Drug Eluting Balloons in Liberation Treatment by Doctor Rafael Moguel

Since the introduction of the concept that the chronic cerebro-spinal venous insufficiency (CCSVI) is the cause for the development of multiple sclerosis (MS), many sufferers from this disease have been treated in several places in Europe, Asia, Latin America and recently, in the USA.

The vast majority of patients have experienced immediate objective improvements as well as in life quality.

 

I had the honor yesterday to give an oral presentation of our experience in the first 390 patients treated at our clinic (The Clinics of the Heart) during the XVII Congress of the Latin American Society of Interventional Cardiology (SOLACI from the Spanish “Sociedad Latinoamericana de Cardiología Intervencionista) where we showed a statistically significant 91% neurological improvement to the international Interventional Cardiology community.

 

Nonetheless we know that a very important fraction of patients, possibly more than the 25% described in the original paper from Dr. Zamboni are suffering the recurrence of the symptoms alleviated soon after the initial treatment which obligates them to search for subsequent treatments or other options.

The recurrence of treatment could be caused by one of the following conditions:

 

  1. Restenosis. It takes weeks to months and means that the vein was opened successfully but narrowed again after a severe inflammatory response of the same vessel after the balloon dilation.

 

  1. Elastic recoil. It takes hours to days and means that the vein opened only using its elastic properties but returned again to its previous status after the balloon is deflated. If this happens in the Cath Lab during the treatment, the doctors may be aware of it and treat as well but if happens later it can only be diagnosed by a second angiogram.

 

 

  1. Thrombosis. It can take, tipically days to weeks and means that a clot has been formed inside of the vein and needs to be treated very soon to try to dissolve or aspirate this clot.

 

Restenosis must be considered in the context of the huge experience in coronary angioplasty and stenting that was a nightmare during the beginning of this procedure during late 70’s and the complete decade of the 80’s, when the cardiologists observed more than 30% restenosis rate.

 

This restenosis was reduced importantly after the introduction of stents during the 90’s to less than that 30% but it was only that after the first experience in Brazil, with medicated stents when the restenosis dropped dramatically to even less than 10%.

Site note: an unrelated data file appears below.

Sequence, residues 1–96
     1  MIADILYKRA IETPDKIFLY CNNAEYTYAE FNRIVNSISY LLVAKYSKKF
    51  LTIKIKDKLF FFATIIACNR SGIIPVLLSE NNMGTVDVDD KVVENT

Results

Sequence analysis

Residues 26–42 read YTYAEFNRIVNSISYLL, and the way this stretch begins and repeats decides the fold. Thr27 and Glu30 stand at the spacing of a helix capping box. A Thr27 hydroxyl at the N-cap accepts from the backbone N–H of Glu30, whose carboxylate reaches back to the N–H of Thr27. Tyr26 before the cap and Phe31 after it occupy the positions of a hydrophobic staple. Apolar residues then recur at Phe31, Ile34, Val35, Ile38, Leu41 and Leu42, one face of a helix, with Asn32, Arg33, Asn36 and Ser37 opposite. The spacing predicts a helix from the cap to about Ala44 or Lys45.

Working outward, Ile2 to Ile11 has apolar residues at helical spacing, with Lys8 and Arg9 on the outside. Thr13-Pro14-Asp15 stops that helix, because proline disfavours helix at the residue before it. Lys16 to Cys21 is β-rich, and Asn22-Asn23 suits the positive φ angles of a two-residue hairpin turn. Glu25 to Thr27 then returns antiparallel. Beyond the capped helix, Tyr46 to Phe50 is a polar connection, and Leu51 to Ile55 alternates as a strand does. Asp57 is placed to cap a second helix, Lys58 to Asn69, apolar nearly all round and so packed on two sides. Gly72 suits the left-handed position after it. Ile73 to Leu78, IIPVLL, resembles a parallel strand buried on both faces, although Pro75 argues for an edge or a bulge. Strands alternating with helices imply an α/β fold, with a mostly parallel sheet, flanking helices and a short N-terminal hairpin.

During the past decade millions of patients around the world have received the benefit of this Drug Eluting Stents (DES) with great benefit as well as there are thousands of scientific publications concerning DES in coronary arteries.

The drugs that cover these stents are diverse and were considered after their use in several medical conditions such as the prevention of rejection of transplanted organs and the treatment for several cancers. Those are the case of certain drugs such as sirolimus, tactolimus, everolimus, paclitaxel, etc.

All these medications are deployed by the stent in the inner surface of the coronary artery in minimal doses just enough to reduce the cell growing and the inflammatory response and never approach the systemic doses that cause their known side effects. So they are efficient and safe.

Nonetheless the carrier for these medications is the stent and a polymer that have their own inconveniences such as the permanence of a foreign material inside of the artery. That’s why very recently a new therapeutic era has emerged with the advent of the Drug Delivering Balloons. This balloons have a substance capable of attaching to them the medication (Paclitaxel) but releasing it and adhering it to the contact surface during inflation inside of the artery. So after treatment and balloon deployment there is only the medication acting for a short period of time just to avoid the acute inflammation and later the artery is totally free from any foreign substance.

 

Very recently this same technology has been applied to large balloons to treat the arteries in the legs while reducing the restenosis rate and consequently the need for subsequent dilation treatments, with the benefit of minimal stent placement.

There are several successful trials with such balloons that were so conclusive that they justified their approval by the European regulations as well as their release into the market.

 

We have been using the Paclitaxel Eluting Balloons (Dior, Freeway) for more than one year with great efficacy and no complications.

The especial characteristics of these products can be consulted in the manufacturer web site:

http://www.eurocor.de/

http://www.eurocor.de/products/dior/product_information/

http://www.eurocor.de/products/freeway_035/product_information/

 

This is why we want to offer our patients with MS the liberation treatment with the benefit of these balloons. Regardless if it is the initial or one subsequent treatment we think that the Freeway balloon can reduce the high restenosis rate and the need for further invasive treatments, based on the concept that the restenosis in veins must be mediated by inflammation after dilation such as occurs in the arteries.

 

We encourage the MS-CCSVI sufferers to use these balloons during their first as well as subsequent liberation treatment with the possibility of benefit based on the results shown in coronary and large arteries.

 

Rafael Moguel MD

The Clinics of the Heart

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